We like to think that calibration can help us learn about them
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Exercise 4
Look at the four datasets, and in each case estimate the
best fitting slope β
Draw a line by eye through the origin
Using a straight-edge
Read off the slope as the y value on the line when x = 1
Write that value beside the graph
The actual best-fitting calibrated values are:
Dataset 1 – 0.58
Dataset 2 – 0.58
Dataset 3 – 0.66
Dataset 4 – 0.57
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Calibrating the SM
It’s basically a simple linear regression through the origin
zi = βxi + εi
Calibration
Posterior distribution
misses the true value
completely
More data makes things
worse
More and more tightly
concentrated on the
wrong value
regression but the problem
would remain
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The problem is completely general
Calibrating (inverting, tuning, matching) a wrong model
gives parameter estimates that are wrong
Not equal to their true physical values – biased
With more data we become more sure of these wrong values
The SM is a trivial model, but the same conclusions
apply to all models
All models are wrong
In more complex models it is just harder to see what is going
wrong
Even with the SM, it takes a lot of data to see any curvature in
reality
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Model discrepancy
The SM example suggests that we need to allow that the
model does not correctly represent reality
For any values of the calibration parameters
The simulator outputs deviate systematically from reality
Model discrepancy (or model bias or model error)
There is a difference between the model with best/true
parameter values and reality
r(x) = f(x, θ) + δ(x)
where δ(x) represents this discrepancy
and will typically itself have uncertain parameters
We observe
zi = r(xi) + εi = f(xi, θ) + δ(xi) + εi
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SM revisited
Kennedy and O’Hagan (2001) introduced this model
discrepancy
Modelled it as a zero-mean Gaussian process
They claimed it acknowledges additional uncertainty
And mitigates against over-fitting of θ
So add this model discrepancy term to the linear model
of the simple machine
r(x) = βx + δ(x)
With δ(x) modelled as a zero-mean GP
Posterior distribution of β now behaves quite differently
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SM – calibration, with discrepancy
Posterior distribution much broader and doesn’t get
worse with more data
But still misses the true value
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Interpolation
Main benefit of simple GP model discrepancy is
prediction
E.g. at x = 1.5
Prediction within the range of the data is possible
And gets better with more data
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But when it comes to extrapolation …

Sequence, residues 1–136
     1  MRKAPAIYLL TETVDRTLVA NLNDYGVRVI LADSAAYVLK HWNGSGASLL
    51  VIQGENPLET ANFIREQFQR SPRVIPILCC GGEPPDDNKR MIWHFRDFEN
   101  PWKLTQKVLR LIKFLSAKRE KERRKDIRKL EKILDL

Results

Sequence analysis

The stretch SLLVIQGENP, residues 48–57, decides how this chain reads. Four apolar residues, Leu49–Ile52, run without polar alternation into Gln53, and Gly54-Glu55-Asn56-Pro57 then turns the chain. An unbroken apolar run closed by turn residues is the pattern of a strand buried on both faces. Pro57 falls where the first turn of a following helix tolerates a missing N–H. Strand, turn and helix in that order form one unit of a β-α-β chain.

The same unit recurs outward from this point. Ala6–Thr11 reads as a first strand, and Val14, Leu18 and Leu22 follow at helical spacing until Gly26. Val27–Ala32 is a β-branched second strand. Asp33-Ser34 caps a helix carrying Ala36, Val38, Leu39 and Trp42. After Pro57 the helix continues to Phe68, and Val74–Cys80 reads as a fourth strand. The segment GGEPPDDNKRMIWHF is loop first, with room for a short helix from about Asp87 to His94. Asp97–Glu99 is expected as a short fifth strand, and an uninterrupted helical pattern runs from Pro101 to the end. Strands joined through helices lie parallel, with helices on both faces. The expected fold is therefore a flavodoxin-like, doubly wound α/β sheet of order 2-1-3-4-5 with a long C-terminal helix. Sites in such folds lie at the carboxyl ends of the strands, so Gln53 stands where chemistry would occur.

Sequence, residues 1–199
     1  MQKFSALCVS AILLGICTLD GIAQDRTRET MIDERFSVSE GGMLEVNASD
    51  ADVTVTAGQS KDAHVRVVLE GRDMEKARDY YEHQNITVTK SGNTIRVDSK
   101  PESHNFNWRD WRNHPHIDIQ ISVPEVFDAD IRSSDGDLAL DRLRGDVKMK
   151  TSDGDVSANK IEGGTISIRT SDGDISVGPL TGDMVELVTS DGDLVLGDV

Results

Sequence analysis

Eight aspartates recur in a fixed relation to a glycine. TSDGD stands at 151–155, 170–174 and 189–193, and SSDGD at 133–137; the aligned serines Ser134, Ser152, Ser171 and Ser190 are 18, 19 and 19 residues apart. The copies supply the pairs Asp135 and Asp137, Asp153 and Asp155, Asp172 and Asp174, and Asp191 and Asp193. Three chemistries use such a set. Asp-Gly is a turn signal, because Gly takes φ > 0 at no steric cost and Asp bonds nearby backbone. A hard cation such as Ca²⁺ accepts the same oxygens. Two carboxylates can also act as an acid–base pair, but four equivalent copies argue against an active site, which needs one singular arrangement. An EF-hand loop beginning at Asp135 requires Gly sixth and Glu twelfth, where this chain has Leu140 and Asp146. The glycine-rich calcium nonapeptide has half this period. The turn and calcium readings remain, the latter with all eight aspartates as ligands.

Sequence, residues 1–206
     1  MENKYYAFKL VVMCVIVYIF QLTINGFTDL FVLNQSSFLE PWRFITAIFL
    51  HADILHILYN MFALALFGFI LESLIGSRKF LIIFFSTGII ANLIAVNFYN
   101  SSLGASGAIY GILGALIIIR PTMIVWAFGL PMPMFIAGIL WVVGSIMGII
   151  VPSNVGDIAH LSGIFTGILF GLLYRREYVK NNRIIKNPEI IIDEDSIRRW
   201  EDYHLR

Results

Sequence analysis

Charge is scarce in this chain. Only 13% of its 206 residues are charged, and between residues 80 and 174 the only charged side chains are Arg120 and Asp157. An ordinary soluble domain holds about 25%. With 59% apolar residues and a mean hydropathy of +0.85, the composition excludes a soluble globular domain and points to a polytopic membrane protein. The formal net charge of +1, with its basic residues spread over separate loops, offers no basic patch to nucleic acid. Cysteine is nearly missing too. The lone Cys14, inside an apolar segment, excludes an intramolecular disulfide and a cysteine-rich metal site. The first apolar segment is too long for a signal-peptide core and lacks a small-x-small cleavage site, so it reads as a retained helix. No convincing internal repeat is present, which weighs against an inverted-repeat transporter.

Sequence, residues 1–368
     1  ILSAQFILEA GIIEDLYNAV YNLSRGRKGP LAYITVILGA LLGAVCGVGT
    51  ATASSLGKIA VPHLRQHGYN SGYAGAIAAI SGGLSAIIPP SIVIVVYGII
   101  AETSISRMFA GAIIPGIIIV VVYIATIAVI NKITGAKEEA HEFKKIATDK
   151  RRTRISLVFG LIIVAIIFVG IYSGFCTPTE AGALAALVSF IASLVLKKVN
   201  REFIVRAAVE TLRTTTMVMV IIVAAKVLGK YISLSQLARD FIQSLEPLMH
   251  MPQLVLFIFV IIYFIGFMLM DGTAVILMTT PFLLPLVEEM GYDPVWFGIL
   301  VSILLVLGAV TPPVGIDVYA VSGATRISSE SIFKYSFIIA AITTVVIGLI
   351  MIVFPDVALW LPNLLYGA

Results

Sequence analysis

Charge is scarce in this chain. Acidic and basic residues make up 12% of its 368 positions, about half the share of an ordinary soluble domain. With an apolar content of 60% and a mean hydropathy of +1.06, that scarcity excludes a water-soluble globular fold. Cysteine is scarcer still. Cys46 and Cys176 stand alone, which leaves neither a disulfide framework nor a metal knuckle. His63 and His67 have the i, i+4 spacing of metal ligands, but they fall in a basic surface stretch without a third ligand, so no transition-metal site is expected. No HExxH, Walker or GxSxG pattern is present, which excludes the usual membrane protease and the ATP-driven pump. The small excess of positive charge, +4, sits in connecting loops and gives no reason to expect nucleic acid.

… at x = 6
More data doesn’t help because it’s all in the range [0, 4]
Prediction OK here but gets worse for larger x
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Extrapolation
One reason for wish to learn about physical parameters
Should be better for extrapolation than just tuning
Without model discrepancy
The parameter estimates will be biased
Extrapolation will also be biased
Because best fitting parameter values are different in different parts
of the control variable space
With more data we become more sure of these wrong values
With GP model discrepancy
Extrapolating far from the data does not work
Prediction just uses the (calibrated) simulator
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We haven’t solved the problem
With simple GP model discrepancy the posterior
distribution for θ is typically very wide
Increases the chance that we cover the true value
And increasing data does not improve the precision
Similarly, extrapolation with model discrepancy gives
wide prediction intervals
And may still not be wide enough
What’s going wrong here?
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Nonidentifiability
Formulation with model discrepancy is not identifiable
For any θ, there is a δ(x) to match reality perfectly
Reality is r(x) = f(x, θ) + δ(x)
Given θ, model discrepancy is δ(x) = r(x) – f(x, θ)
Suppose we had an unlimited number of observations
We would learn reality’s true function r(x) exactly
Within the range of the data
Interpolation works
But we would still not learn θ
It could in principle be anything
And we would still not be able to extrapolate reliably
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The joint posterior
Calibration leads to a joint posterior distribution for θ and
δ(x)
But nonidentifiability means there are many equally good
fits (θ, δ(x)) to the data
Induces strong correlation between θ and δ(x)
This may be compounded by the fact that simulators often have